There was also another war being waged during The Cold War (mostly during the 1960s and 1970s), and that was “The Burger War,” in which McDonalds fought with Burger King and Wendy’s over who had the better hamburger. No lives were lost nor soldiers injured (unless you count the many who have had heart attacks, stroke, and diabetes from all that burger-noshing), but it did cause the prices of their burgers increased, and the days when a hamburger could be bought for just a few cents (a nickel at most) were a thing of the past.

Where Are We Now?

Now, we’re in the era of everyone watching their waistlines and cutting down on the junk so they can live longer to complain about how life isn’t what it used to be. The hamburger, while still being celebrated with haute cuisine makeovers and being positively to neutrally portrayed on such TV shows and movies as Good Burger, SpongeBob SquarePants (with the titular character working at The Krabby Patty), American Eats, Man vs. Food, and Harold and Kumar Go to White Castle, has also come under fire for lack of nutritional value and being one of a myriad of causes in the obesity epidemic. There are also environmentalists and animal rights activists protesting on how the big-chain restaurants are killing people with mediocre meat and slashing rainforests for more cattle-raising room.

“All this for a meat patty between two pieces of bread?” you ask. “All of this protesting and change and competition. It’s silly.” To that I say, “Yeah, it’s silly, but when you really think about it, it’s American.”

Thanks, and happy eating.

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Jan 12 2013

Cruising the South Pacific with Royal Carrabean

Published by under Cruise Ship


So you have holidayed many places and the food was well less acceptable and expensive, but you still payed. How about a holiday where all the food is included, and the drinks are free or very reasonable. A cruise is the first thing you should think about, we decided on Royal Caribbean Cruise lines.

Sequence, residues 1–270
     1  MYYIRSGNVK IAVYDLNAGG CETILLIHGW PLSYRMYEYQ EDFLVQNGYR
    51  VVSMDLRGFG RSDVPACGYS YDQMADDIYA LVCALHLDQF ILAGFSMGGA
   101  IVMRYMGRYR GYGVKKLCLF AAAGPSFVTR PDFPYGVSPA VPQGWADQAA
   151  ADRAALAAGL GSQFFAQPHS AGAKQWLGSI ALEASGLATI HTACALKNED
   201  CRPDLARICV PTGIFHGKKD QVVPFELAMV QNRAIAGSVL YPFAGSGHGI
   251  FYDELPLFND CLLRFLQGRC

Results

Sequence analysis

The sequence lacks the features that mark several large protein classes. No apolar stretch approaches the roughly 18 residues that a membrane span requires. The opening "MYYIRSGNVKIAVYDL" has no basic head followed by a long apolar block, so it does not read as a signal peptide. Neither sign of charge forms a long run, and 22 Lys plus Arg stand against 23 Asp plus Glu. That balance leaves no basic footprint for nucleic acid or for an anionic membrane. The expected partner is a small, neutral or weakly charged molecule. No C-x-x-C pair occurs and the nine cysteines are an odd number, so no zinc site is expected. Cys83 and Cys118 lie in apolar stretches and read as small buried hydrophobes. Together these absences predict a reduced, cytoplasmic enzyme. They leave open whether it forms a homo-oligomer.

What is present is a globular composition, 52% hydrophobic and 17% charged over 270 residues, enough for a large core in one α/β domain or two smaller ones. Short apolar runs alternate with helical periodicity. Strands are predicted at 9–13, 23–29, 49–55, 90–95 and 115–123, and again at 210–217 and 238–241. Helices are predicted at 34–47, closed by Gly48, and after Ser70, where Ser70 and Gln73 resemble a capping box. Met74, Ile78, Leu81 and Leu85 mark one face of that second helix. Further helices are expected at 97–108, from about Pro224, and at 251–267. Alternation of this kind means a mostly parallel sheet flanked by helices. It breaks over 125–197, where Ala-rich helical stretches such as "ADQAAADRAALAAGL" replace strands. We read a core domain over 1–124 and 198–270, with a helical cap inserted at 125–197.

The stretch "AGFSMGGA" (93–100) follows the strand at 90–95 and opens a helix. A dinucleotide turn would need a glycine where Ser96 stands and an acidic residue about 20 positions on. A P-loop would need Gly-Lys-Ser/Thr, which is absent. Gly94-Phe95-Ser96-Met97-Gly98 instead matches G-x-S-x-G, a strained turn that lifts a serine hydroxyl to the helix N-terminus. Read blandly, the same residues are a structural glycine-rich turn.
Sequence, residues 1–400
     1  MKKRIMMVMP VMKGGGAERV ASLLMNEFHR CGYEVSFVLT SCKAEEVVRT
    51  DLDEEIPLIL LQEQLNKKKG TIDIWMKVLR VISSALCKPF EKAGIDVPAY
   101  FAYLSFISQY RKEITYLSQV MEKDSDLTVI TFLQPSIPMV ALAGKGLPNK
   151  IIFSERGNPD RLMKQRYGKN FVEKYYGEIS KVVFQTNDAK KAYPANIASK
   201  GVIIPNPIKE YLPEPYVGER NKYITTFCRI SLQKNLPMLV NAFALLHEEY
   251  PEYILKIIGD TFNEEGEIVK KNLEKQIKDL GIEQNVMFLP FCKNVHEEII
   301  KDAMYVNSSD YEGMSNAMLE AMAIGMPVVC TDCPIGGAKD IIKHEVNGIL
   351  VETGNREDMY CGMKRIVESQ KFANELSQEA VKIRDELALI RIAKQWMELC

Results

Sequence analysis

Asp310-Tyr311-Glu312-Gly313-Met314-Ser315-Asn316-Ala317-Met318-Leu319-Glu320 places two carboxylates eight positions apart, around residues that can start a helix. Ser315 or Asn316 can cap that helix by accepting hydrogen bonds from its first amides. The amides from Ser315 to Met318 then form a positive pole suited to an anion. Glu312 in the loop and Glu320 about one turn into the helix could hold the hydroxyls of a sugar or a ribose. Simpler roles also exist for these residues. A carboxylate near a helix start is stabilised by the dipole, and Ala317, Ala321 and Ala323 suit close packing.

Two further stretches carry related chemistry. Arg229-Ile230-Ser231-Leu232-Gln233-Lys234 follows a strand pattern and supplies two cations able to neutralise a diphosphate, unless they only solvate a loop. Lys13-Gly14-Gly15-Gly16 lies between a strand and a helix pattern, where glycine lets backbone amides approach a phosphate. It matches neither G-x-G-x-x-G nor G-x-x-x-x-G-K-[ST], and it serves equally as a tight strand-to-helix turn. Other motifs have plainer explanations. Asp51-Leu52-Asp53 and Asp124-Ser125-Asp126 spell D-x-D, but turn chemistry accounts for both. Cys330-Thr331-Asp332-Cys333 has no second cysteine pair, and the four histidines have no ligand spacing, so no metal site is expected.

It all starts the minute you board, a drink, some food and you are treated like royalty. The ship is large and looks more like a five star hotel than a ship, you look to explore the area and find yourself in awe of the size of the place.
Then it’s dinner time and the choices are plenty with a new menus every night.


Every morning there’s a choice of four different restaurants for breakfast, and hat a choice.

More to come…..

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Sep 12 2012

Tomorrow is RUOK day, take the…

Published by under Reviews

Tomorrow is RUOK day, take the time to talk to a friend over a coffee, tea or it may be all they need. http://t.co/QHUekZ3P

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Aug 07 2012

Just had the nicest yo yo bisc…

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Just had the nicest yo yo biscuit. http://t.co/A23FBhsu

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May 13 2012

Is Masterchef serious? Home co…

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Is Masterchef serious? Home cook or apprentice?

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Dec 04 2011

The start of our wonderful pae…

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The start of our wonderful paella lunch @ Drouin http://t.co/5NroYsb6

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Dec 04 2011

Brandy Creek Winery – Paella l…

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Brandy Creek Winery – Paella lunch @ Drouin http://t.co/HmDAYOOU